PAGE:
• Keeping concrete debris out of landfills saves landfill space
  • Using recycled material as gravel reduces the need for gravel mining
  • Using recycled concrete as the base material for roadways reduces the pollution involved in trucking material

Construction debris can be anything from concrete and flooring tiles to fixtures and doors. Other materials like wood, metal, bricks and glass also count. Even the trees, stumps and earth collected from clearing a site falls into this category of waste.

You can recycle most common C&D materials including concrete, porcelain, rigid plastics, tile, lumber, metals, masonry, plastic, rock, carpet, insulation and more. What can actually be recycled at your local facilities may vary depending on location.

Deconstruction Instead of Demolition as a Recycling Strategy

Deconstruction refers to carefully dismantling pieces of a home or building in order to salvage valuable building materials. Statistics show that the demolition of buildings in the United States produces almost 125,000,000 tons of debris each year.

Commonly deconstructed items include doors, windows, flooring, ceiling tile, counter tops, cabinets, light and plumbing fixtures, molding, joint fixtures, roofing, blinds and shades.

There are many environmental benefits to deconstruction. Building debris accounts for one-third of the solid waste in the United States.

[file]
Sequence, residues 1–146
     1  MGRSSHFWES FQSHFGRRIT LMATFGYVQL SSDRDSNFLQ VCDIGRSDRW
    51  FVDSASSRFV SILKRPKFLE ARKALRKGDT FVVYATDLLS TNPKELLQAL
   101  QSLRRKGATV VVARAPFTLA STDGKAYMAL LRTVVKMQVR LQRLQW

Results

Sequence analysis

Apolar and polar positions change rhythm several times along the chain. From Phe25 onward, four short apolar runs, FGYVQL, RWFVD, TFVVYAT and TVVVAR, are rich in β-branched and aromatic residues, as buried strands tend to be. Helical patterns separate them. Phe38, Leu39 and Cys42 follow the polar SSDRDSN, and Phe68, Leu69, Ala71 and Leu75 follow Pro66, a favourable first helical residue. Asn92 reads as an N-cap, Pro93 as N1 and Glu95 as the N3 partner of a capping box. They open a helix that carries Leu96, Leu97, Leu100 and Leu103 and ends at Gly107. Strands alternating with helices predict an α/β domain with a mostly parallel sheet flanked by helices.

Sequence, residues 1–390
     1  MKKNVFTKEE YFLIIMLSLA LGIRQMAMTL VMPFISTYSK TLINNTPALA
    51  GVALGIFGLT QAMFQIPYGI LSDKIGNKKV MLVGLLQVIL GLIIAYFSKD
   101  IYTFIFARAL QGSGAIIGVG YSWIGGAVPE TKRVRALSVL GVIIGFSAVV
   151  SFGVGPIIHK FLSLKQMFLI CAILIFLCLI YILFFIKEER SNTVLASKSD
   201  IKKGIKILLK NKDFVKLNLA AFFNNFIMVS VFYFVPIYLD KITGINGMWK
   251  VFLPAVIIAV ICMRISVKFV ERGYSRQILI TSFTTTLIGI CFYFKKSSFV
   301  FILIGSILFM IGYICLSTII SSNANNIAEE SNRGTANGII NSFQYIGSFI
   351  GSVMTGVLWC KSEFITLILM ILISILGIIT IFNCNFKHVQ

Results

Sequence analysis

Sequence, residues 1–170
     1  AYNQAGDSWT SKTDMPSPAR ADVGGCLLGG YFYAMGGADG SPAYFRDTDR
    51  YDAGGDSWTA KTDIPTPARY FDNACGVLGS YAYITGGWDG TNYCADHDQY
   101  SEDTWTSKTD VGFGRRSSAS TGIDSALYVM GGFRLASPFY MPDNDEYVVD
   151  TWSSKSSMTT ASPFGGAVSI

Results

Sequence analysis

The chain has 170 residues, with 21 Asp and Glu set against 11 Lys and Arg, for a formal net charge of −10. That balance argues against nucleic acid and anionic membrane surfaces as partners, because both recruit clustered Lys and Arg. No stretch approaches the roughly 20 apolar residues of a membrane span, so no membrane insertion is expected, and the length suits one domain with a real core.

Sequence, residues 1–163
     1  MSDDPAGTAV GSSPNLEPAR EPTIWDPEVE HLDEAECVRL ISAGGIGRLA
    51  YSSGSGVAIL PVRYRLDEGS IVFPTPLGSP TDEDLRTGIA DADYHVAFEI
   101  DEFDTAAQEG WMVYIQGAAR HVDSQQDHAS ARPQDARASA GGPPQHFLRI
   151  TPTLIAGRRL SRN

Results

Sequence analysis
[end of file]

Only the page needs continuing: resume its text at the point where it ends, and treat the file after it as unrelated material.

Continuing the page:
It’s estimated that one year’s amount of building debris is enough to build a wall about 30 feet high and 30 feet thick around the entire coast of the continental United States. Keeping much of this reusable building material out of landfills makes a significant impact.

Since deconstructed materials are recycled and reused, the need for raw materials in new building projects is also decreased. In addition to being great for the environment, deconstruction can also mean cash in your pocket since many of the materials you donate can translate into a tax write-off.

However, getting it off-site and hauled away is still a potentially costly and time-consuming proposition if you choose to do it yourself.

Expert Help for Your Construction Debris Recycling

Part of the beauty of outsourcing the pick up and disposing of your construction waste is the convenience. But, just as important, is the very real impact that having your debris recycled and reused. California is one of the leading states in the processing and reuse of concrete and other waste building materials, and Sonoma County contractors are a big part of that movement.

Junk King provides an efficient, safe and eco-friendly construction waste disposal service so you don’t need to worry about the pick up or disposal of the debris after your project is complete. Whether you need our services several times during a construction project or just once after it is complete, our hauling professionals will ensure that the construction debris is out of your way so that you can get on with the job.

Our team specializes in construction debris removal. We can be at your facility in mere minutes, so call us today! Our crew is fully insured and well-trained, so you can trust them to get rid of your unwanted items in a professional and courteous fashion.

One of the best things about hiring Junk King is that we do recycle much of the material we pick-up. This is proof of our commitment to being an eco-friendly removal service. If you have questions about what we do or what we believe, give us a call at (707) 744-4254.

Free Construction Debris Removal Guide

Topics: Green Junk Removal, construction debris removal, construction debris, construction recycling, concrete debris, concrete removal